What processes can you use to determine those things that drive you each and every day? The best tool I’ve found to help discover your passion is to ask (and answer!) questions. Before we get to the questions, let’s define what your passion is (and isn’t!)
Passion(s) are Internal
Contrary to many websites, I define passions as your internal values. Passions won’t ever be external.Passions are things that you intrinsically value. Examples of passions:
- Helping Others
- Solving Problems
- Having Fun
- Getting it “Just Right”
- Getting things Done
Passions ≠ Interests
NASCAR, Technology, the Future, Cooking, Japanese, Reading, Guitar, Knowledge, Travelling … these are examples of interests and are external.
Passion is Motivation
A while ago, my wife and I tried to figure out how to motivate one of my sons. He needed a good ‘kick in the pants’ to get him to do things. At first, we thought money would be a great motivator. After further discussion, we realized it wasn’t money, but rather what money could do for him: help him have fun! His passion was about having fun. When we began to couch tasks, chores, and activities in terms of ‘having fun’ we began to see a huge uptick in his motivation.
One of the tools I’ve found to help define your passions divides people into 6 different groups:
- R = Realistic people are DOERS. Realistic people like to work with their hands, either with plants and animals or tools. They like to fix things.
- I = Investigative people are THINKERS. Investigative people like to analyze data and solve problems. They usually prefer to work independently.
- A = Artistic people are CREATORS. Artistic people often enjoy making things or performing in front of other people. They like flexibility in their lives.
- S = Social people are HELPERS. Social people like to work with other people, often on teams. They enjoy counseling or caring for others.
- E = Enterprising people are PERSUADERS. Enterprising people like to start projects and make decisions. They often enjoy selling things or managing other people.
- C = Conventional people are ORGANIZERS. Conventional people like structured jobs. They enjoy working with numbers and instructions. They often organize data and write reports.
Find your RIASEC scores
This free assessment (courtesy of the Minnesota Office of Higher Education) will quickly help you determine your RIASEC score. Do it. It’ll be a quick 3 minute assessment and will also point you towards careers that use those passions.
Four Questions to Get You Started
I’ve found four questions that can help you discover your interests. Each question is one that requires a bit of thinking and introspection. Don’t expect to have the answer to each right away! However, if you take some time and begin to answer these questions, I believe you’ll quickly be able to determine those externalities that motivate you each day.
What things are you most proud of when you’re done?
The next time you feel energized and strong and like the best version of yourself — the you that you wish you could be all the time — pay attention to what you’re doing in that moment. Write it down. Do this for as long as it takes until you see a pattern emerging. It won’t necessarily be the activities themselves — but they will have something in common. Look into them and behind them until you find what dramatists call a throughline: the essence of what you’re good at and what drives you.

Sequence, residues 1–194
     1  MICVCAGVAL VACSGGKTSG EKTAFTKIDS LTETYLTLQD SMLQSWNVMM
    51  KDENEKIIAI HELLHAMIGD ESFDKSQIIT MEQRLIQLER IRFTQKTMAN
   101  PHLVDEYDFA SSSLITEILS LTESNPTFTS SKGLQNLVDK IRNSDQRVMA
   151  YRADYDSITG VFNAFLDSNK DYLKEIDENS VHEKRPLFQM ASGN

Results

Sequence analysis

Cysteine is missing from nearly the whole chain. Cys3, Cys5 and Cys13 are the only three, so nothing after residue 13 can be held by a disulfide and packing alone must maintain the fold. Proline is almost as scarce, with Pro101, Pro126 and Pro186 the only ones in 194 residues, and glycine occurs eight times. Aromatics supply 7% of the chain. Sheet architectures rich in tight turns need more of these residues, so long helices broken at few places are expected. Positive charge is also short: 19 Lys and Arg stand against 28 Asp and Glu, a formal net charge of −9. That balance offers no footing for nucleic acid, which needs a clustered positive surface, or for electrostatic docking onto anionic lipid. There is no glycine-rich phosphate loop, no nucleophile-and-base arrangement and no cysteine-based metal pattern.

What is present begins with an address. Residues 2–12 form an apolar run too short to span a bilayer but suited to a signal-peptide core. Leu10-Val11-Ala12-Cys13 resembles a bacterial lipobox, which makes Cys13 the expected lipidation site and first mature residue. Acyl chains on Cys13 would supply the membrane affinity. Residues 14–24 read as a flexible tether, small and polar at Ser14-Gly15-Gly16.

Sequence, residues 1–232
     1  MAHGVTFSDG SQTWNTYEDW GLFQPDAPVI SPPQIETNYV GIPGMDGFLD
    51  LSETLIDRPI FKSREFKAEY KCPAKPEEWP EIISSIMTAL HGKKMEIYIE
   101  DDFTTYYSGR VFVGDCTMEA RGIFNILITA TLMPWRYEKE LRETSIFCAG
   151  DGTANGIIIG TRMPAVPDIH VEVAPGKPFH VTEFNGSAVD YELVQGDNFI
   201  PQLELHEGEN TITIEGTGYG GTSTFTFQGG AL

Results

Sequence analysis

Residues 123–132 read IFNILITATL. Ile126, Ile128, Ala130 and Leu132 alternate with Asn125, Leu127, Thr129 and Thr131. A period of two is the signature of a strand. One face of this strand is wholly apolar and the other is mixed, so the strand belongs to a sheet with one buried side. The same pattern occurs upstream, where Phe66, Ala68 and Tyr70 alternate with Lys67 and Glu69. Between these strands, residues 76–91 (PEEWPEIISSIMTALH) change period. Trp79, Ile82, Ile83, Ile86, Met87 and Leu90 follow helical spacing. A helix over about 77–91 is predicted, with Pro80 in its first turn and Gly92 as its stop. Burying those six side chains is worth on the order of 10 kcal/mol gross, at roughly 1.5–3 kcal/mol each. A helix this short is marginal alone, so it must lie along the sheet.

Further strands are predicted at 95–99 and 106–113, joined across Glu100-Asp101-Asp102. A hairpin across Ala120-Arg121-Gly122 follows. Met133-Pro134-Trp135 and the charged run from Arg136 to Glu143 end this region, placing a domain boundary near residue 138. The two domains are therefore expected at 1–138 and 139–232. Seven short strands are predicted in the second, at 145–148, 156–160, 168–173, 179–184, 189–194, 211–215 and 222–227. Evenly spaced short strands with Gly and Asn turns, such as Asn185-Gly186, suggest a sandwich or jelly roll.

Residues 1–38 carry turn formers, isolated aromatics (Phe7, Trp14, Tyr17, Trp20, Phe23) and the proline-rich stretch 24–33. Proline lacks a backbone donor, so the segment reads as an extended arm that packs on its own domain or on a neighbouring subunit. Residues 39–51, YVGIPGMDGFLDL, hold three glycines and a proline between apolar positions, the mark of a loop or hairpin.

What do you love to do?
Revisit your childhood. What did you love to do?
“It’s amazing how disconnected we become to the things that brought us the most joy in favor of what’s practical,” says Rob Levit, an Annapolis, Md.-based creativity expert, speaker and business consultant.
Levit suggests making a list of all the things you remember enjoying as a child. Would you enjoy that activity now? For example, Frank Lloyd Wright, America’s greatest architect, played with wooden blocks all through childhood and perhaps well past it.
“Research shows that there is much to be discovered in play, even as adults,” Levit says.
What is it that you’d still do, even if you weren’t getting paid?
Follow Your Excitement
With all of the self improvement and new age rhetoric you hear out there about “following your passion”, what most people don’t talk about are the actual mechanics of how this all works. Rather than thinking of some big project or career (which in actuality is jumping too far ahead), you need to focus on small steps that you can immediately take that will set up a scenario for one of the X-Factors that I teach: synchronicity.
It’s through synchronicity that will allow the pieces of the puzzle to all start to come together. When you look at the story of any successful person, you will see that it was some small tinkering, a book, a class, or something that seemed “insignificant” that led to their ultimate success.
What ignites your curiosity?
It’s important to follow your curiosity and uncover your less obvious interests. The reason it’s important is that those interests tap into your unique motivations that separate you from others. Pursuing them sets you on the path of unlocking who you are and your creativity. Frequently, these will be things that do not appear pragmatic and sometimes may seem downright frivolous.
Discovering your passions won’t be something you accomplish in one hour of introspection. Hopefully, the tools and resources listed will start giving you pointers in the right direction. This is a process that will take months and be refined over time. You need to begin now.
Leave a comment! What are some of your passions?